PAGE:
Adventure Time has been a juggernaut series for Cartoon Network since debuting way back in 2010. Its 10-season run is about to come to an end, and over this span the escapades of Finn the Human and Jake the Dog have spawned six video game entries covering a wide variety of genres. The latest entry, Adventure Time: Pirates of the Enchiridion, sees Finn and Jake tackle the classic turn-based RPG formula.
One of the very first things that becomes apparent when playing Pirates of the Enchiridion is this is definitely a game designed with hardcore fans of the show in mind. Not only is the entire voice cast present here, but there are also many locations and characters fans will recognise, as well as many references to the lore the show has created over the past decade. While this is great fan service for those who have stuck with the series for its entire run, more casual fans or players who aren't too familiar with the show run the risk of being lost and confused by such casual mentions of significant events and backstories.
While there are bound to be some head scratching moments in regards to references for those that aren't as dedicated to the show, overall the story is rather straightforward and mostly feels like they took a regular episode and stretched it out just a little bit longer. Jake and Finn wake up to find that the entire Land of Ooo has been flooded with water, which sets them off on a journey to find out who was behind the dastardly deed. Because of the flooding predicament, you're forced to take to the high seas, bringing with it a whole world of pirate humour that surprisingly doesn't become played out.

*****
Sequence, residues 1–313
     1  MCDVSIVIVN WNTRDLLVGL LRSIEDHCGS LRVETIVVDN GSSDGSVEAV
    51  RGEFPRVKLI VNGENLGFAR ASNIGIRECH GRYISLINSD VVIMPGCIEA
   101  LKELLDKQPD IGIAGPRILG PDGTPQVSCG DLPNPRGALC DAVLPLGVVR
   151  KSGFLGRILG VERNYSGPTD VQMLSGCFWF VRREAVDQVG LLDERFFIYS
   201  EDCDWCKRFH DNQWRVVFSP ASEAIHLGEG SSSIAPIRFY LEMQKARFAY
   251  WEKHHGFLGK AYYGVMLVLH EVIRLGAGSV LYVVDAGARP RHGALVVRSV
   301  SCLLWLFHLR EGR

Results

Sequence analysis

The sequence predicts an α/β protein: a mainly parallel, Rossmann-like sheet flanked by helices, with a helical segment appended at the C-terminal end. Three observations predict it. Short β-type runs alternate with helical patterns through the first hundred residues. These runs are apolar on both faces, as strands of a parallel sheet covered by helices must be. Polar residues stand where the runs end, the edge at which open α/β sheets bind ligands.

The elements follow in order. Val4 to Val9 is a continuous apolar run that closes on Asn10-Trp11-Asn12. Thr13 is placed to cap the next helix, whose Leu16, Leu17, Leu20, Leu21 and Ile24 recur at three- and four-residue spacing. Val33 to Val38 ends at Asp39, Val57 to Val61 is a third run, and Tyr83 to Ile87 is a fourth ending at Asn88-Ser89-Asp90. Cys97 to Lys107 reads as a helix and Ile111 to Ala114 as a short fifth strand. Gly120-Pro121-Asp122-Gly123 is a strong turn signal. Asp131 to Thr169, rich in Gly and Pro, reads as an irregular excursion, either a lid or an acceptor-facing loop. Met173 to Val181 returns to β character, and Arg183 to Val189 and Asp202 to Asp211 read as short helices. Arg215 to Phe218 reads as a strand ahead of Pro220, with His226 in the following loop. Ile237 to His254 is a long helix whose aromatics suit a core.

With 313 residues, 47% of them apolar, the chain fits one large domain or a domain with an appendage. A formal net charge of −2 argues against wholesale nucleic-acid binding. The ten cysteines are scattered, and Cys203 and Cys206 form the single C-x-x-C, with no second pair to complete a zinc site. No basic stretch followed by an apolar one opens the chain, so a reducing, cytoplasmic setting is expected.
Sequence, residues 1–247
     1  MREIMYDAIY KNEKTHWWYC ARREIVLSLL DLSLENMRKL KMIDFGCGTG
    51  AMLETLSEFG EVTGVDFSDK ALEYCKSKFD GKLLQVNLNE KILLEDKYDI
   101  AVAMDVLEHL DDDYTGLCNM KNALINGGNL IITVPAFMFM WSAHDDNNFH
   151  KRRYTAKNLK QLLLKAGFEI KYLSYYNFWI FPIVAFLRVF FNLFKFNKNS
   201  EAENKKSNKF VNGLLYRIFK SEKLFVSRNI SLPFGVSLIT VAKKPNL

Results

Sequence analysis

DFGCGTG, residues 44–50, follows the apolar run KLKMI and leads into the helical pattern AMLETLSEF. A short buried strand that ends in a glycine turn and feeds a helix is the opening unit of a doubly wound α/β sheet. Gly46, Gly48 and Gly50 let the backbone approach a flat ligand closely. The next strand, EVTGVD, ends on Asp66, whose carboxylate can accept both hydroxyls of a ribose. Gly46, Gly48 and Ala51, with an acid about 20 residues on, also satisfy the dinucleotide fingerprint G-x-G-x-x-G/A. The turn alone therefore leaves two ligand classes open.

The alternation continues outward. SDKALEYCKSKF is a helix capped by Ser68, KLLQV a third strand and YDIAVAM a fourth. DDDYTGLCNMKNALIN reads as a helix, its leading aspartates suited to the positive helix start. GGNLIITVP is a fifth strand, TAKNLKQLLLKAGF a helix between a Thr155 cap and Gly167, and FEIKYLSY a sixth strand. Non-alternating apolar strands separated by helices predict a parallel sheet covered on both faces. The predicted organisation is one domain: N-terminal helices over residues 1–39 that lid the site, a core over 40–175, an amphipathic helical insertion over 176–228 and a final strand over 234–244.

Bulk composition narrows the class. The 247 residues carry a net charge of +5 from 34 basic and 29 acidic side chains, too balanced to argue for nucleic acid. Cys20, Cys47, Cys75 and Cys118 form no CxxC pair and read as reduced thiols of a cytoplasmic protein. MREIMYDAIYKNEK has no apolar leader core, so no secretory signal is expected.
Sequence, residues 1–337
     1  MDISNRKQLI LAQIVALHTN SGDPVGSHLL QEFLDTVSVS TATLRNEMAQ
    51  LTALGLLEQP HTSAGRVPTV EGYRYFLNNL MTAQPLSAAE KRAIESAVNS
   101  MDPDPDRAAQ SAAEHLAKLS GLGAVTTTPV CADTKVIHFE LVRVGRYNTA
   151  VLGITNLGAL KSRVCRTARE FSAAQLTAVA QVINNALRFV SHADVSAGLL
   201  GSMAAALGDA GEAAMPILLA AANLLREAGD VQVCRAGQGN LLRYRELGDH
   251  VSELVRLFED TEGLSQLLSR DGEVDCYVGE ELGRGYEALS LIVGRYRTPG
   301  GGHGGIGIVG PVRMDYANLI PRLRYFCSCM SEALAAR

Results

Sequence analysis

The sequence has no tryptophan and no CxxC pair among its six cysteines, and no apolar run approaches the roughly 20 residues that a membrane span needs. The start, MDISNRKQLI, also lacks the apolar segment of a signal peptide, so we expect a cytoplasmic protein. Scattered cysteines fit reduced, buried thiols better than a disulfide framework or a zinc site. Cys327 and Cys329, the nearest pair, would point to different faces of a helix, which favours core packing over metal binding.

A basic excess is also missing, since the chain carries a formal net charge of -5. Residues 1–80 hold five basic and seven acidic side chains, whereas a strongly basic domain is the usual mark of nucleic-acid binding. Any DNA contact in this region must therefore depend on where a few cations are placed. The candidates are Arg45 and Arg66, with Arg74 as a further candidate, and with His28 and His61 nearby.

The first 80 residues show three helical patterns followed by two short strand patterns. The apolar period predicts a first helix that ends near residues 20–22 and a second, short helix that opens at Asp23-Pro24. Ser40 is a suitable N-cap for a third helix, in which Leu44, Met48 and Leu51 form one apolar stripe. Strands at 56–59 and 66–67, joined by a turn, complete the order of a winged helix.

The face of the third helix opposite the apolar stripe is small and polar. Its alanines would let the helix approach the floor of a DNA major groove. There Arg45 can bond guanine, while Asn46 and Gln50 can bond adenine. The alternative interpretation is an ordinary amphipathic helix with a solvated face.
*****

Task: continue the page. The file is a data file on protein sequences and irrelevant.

The story feels most like an episode of the show when it comes to the game's very abrupt, and frankly anti-climatic ending. It feels like something that you would see the show's writers have to do to work around their 11-minute time limit for episodes, which is very jarring to experience when transferred from television to a video game. Outside of that, the story is an enjoyable experience. The humour and back and forth banter between the characters is brilliant, and livens up your journey when you're simply sailing from one island to the next.
Gameplay here is your stock-standard turn-based RPG fare, with very little new or innovative brought to the table. However, that's not necessarily a bad thing. You'll take it in turns with your enemy opponents to slug it out in battle, choosing from a standard light attack, or heavier special attacks that are reliant on points being available in your special meter. Initially, you'll start your journey with just Finn and Jake, but along the way you'll recruit Marceline and BMO to your party. As is tradition in an RPG, each of these characters have their own strengths and weaknesses. Finn is the most well-rounded of the characters, while Jake specialises slightly more in defence, making him tougher to take down. Marceline is focused almost purely on attacking, and BMO is designed to be a support character who will constantly be using items and refilling your team's special meter. We found that all four of these character types meshed well, and the game's battle mechanics shined brightest once we had assembled the entire crew.